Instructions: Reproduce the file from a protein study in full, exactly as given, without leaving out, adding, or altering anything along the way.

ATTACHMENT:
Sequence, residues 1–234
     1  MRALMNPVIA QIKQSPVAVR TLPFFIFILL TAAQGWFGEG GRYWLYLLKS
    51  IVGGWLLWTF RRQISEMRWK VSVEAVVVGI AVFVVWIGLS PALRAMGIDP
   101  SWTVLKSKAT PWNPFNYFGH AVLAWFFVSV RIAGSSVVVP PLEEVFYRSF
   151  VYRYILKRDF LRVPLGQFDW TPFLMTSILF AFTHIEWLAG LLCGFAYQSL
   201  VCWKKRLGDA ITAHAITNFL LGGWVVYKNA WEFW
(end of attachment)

Sequence, residues 1–234
     1  MRALMNPVIA QIKQSPVAVR TLPFFIFILL TAAQGWFGEG GRYWLYLLKS
    51  IVGGWLLWTF RRQISEMRWK VSVEAVVVGI AVFVVWIGLS PALRAMGIDP
   101  SWTVLKSKAT PWNPFNYFGH AVLAWFFVSV RIAGSSVVVP PLEEVFYRSF
   151  VYRYILKRDF LRVPLGQFDW TPFLMTSILF AFTHIEWLAG LLCGFAYQSL
   201  VCWKKRLGDA ITAHAITNFL LGGWVVYKNA WEFW